When the iT House was proposed three years ago by taalman koch architects, (TreeHugger here) it seemed destined for the vaporware pile, based on an expensive European aluminum structural system designed for lab benches, not houses, floor to ceiling glass and a price that seemed unrealistically low for such a product.
But vaporware it's not; there it is, glowing in the high desert twilight, complete with solar panels, Bulthaup kitchen, 2500 gallons of water storage and a hanging fire-orb.
Does it make sense? The idea of using a prefab structural system like the Bosch aluminum framing system certainly makes it go together easily, (two people can frame it in two days) and aluminum is usually recycled and is infinitely recyclable.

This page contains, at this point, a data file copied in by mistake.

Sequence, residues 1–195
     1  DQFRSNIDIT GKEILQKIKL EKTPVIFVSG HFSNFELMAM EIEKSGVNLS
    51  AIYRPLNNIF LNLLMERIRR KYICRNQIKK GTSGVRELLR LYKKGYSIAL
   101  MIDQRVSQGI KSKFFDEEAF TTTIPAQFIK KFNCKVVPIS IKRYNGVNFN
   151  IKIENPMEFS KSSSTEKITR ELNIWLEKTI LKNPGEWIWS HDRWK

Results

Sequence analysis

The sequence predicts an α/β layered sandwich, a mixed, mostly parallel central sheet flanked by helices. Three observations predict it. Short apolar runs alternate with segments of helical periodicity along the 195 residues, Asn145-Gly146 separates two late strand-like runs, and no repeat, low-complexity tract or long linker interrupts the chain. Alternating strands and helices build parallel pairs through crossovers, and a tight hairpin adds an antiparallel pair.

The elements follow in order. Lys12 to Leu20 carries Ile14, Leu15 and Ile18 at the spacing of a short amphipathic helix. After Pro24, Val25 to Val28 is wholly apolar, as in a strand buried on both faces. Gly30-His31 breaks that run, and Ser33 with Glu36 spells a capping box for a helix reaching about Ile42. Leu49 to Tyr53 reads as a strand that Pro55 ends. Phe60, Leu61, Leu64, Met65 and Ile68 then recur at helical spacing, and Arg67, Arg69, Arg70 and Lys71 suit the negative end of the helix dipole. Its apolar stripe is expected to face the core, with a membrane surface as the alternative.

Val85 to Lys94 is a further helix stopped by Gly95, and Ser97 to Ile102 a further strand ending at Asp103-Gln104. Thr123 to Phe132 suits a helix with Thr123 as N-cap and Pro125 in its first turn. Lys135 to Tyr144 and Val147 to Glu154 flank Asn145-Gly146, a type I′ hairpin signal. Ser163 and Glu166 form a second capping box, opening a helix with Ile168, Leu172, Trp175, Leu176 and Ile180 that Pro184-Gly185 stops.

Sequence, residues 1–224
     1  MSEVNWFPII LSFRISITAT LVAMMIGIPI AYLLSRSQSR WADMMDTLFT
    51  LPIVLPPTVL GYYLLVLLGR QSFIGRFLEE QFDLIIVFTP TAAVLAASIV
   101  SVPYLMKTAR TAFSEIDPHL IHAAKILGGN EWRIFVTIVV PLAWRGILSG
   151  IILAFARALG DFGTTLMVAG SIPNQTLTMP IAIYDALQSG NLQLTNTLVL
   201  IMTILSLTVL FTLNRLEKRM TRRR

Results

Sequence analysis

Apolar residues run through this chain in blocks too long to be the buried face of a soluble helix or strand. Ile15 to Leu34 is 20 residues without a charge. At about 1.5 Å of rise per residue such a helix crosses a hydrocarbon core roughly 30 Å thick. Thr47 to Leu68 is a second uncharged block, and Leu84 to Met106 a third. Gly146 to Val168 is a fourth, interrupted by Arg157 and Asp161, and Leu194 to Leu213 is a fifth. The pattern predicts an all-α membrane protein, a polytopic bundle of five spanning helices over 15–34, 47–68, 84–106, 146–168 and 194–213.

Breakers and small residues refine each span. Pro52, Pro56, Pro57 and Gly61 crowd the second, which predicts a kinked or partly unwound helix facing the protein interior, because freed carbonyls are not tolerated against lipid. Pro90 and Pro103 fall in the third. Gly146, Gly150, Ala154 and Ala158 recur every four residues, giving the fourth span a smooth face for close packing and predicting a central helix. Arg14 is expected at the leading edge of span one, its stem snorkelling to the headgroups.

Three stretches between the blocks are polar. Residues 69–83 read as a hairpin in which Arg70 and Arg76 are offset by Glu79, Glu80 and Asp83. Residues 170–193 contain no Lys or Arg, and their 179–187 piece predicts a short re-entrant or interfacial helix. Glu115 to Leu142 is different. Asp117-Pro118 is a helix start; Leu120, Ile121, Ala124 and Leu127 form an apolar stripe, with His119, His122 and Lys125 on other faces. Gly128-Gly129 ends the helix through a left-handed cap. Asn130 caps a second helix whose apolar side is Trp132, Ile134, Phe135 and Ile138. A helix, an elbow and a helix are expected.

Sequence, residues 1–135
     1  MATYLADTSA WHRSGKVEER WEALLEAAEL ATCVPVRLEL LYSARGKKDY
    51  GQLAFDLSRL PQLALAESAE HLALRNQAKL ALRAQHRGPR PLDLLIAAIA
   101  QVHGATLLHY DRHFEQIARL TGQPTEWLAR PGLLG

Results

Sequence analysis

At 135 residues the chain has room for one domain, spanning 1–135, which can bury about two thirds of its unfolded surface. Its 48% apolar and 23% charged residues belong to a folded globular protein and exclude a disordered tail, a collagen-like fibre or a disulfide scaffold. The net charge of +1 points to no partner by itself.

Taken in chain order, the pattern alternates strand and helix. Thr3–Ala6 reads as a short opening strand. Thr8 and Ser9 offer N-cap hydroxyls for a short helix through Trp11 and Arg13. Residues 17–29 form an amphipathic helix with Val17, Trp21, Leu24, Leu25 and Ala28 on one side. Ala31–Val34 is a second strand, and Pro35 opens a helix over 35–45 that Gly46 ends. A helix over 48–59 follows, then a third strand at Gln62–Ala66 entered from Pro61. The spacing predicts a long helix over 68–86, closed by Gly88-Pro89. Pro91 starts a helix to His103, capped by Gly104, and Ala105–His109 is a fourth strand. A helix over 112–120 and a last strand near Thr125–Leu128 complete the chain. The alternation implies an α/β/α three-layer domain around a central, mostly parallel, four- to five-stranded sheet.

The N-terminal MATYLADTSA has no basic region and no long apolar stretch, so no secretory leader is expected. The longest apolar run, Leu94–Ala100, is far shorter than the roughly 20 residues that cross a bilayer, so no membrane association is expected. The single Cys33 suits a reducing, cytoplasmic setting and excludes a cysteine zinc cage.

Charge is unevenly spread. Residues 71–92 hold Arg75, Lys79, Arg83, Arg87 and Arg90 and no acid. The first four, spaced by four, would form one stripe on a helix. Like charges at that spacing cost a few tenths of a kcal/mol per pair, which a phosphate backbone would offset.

It is also expensive, and the owners may come home one weekend and find their house has been dismantled for the metal. According to Bosch Rexroth's online store, that header section of aluminum is almost sixty-five bucks a foot.
Not much of a thermal break, either with aluminum showing inside and out; they won't be selling too many of these in Michigan or Canada. On the other hand, it is certainly cleanly detailed and very beautiful, the size (about 1,000 SF) is right and it is completely off-grid.
iT House from Taalman Koch via ::Jetson Green